It was three years ago when we first heard about Foxconn’s plans to replace assembly-line workers with robots. Although progress toward this goal has been slow, Foxconn CEO Terry Gou said recently that its so-called ‘Foxbots’ are now ready to help build the next iPhone.
Speaking at a recent shareholder meeting, Gou said the new robots cost between $20,000 and $25,000 to make, with around 10,000 of them undergoing final tests prior to deployment. It’s not clear if the machine is a version of the robotic arm the company is thought to be already using, or something more sophisticated.
Production of the iPhone 6, which is expected to launch this fall, hasn’t been entirely given over to the Foxbots, with recent reports suggesting the company has hired up to 100,000 additional workers to help cope with expected high demand.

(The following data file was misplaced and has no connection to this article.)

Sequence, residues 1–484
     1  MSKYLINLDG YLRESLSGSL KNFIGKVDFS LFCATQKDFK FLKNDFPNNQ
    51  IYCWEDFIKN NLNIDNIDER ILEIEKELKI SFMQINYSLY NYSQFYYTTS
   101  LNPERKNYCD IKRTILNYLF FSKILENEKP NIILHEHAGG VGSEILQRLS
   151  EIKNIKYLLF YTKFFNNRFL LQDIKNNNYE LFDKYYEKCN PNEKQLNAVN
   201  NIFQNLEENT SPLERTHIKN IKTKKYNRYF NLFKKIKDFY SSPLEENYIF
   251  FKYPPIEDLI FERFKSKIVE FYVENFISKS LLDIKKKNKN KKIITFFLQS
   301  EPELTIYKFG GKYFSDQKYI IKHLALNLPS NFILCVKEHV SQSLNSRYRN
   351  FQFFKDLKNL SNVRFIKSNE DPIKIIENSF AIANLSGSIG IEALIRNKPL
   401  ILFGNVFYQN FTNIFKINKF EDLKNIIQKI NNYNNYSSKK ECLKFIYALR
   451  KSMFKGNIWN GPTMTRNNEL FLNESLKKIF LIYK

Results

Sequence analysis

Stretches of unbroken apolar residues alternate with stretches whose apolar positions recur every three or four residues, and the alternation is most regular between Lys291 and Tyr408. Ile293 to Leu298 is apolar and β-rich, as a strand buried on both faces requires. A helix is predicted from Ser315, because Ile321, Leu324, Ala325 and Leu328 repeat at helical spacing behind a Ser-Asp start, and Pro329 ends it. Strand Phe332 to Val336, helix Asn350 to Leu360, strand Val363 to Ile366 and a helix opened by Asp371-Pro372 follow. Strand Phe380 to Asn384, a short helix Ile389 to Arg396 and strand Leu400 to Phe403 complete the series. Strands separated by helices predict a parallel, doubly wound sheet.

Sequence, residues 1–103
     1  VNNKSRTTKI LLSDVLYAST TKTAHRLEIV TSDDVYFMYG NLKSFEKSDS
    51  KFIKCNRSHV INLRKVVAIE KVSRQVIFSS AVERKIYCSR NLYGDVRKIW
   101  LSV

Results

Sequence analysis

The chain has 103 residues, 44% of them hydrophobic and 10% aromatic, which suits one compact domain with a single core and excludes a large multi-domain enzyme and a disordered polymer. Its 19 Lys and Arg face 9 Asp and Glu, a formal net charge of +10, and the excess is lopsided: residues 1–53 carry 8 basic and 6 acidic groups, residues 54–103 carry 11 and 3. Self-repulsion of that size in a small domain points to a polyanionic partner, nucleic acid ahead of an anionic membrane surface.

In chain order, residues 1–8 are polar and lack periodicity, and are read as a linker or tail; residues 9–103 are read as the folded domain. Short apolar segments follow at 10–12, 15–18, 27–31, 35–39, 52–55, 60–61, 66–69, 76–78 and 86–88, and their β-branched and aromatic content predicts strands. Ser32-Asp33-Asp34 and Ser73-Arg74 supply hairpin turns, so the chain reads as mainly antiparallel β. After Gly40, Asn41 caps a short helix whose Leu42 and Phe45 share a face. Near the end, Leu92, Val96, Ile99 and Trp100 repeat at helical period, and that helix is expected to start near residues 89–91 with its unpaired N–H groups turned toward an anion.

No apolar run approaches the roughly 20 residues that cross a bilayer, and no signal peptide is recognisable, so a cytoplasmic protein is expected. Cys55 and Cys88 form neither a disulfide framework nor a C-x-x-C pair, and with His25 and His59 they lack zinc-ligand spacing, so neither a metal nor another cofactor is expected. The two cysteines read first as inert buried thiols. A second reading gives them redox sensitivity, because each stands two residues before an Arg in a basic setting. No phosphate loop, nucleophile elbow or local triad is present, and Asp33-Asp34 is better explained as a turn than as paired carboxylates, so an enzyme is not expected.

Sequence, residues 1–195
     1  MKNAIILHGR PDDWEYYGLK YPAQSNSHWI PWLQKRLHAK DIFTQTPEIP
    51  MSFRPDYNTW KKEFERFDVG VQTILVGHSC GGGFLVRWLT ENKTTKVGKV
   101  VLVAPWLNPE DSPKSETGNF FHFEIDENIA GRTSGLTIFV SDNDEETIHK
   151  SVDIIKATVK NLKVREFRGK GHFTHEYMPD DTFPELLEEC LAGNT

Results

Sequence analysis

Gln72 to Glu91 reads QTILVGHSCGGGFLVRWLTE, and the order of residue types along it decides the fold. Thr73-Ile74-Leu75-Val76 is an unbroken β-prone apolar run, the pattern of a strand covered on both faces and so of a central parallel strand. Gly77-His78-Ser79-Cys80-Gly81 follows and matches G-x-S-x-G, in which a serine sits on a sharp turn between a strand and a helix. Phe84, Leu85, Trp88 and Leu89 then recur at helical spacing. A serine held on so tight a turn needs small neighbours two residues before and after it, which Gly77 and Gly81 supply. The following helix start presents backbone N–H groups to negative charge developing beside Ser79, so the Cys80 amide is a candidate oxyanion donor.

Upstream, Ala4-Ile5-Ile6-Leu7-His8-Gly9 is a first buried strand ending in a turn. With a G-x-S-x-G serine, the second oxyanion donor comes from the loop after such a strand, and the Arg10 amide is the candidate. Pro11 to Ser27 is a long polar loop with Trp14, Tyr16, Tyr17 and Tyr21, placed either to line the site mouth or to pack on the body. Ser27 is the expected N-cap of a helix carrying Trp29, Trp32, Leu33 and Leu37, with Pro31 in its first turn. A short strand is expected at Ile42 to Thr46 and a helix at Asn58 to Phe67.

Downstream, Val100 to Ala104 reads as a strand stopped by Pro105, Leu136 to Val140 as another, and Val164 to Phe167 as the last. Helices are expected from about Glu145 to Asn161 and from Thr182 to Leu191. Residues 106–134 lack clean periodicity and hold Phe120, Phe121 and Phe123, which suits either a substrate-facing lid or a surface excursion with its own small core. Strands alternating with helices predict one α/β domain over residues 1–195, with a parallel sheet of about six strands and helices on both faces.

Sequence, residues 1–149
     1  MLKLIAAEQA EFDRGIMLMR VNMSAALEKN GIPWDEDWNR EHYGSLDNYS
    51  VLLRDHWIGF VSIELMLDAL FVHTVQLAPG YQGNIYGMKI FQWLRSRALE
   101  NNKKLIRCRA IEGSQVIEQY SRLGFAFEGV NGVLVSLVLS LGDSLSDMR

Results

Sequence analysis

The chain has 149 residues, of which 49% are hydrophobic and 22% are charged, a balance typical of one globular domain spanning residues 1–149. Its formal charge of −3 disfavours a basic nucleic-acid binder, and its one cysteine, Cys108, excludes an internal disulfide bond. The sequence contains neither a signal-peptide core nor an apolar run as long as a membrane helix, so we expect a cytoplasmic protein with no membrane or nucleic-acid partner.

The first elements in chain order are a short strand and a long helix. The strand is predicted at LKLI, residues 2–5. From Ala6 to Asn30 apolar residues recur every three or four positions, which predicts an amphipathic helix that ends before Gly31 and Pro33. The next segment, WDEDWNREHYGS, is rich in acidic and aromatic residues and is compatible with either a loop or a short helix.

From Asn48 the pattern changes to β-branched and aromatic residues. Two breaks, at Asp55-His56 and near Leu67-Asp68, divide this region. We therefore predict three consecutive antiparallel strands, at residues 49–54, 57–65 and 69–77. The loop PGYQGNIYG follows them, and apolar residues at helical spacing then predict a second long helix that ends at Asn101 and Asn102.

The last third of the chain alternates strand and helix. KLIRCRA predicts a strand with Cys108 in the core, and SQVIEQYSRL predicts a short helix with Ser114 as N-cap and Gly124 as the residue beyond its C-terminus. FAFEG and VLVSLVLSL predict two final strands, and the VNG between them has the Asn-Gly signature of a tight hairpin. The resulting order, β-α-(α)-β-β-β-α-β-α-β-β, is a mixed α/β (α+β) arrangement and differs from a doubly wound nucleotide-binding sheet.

The workforce boost – in both human and robotic terms – is designed to help steer the firm away from the kind of mishap that occurred in 2012 with the launch of the iPhone 5 when pressures on production saw damaged phones landing in the hands of customers.
Gou admitted at the time that Foxconn was “falling short of meeting the huge demand,” with Apple later turning to rival Pegatron to help with the production of its cheaper 5C handset. The move eased pressure on Foxconn while giving the Cupertino-based company more balance and control with its supply chain.
Foxconn’s interest in factory-based robot technology emerged a couple of years ago at a time when it was facing mounting criticism regarding harsh labor practices, with reports of employee suicides – allegedly brought on by the challenging working conditions – forcing the company to act.
Gou, however, has always largely rejected the idea of a link between the suicides and working conditions, claiming as recently as last month that the deaths were usually connected with “personal relationships or family disputes.”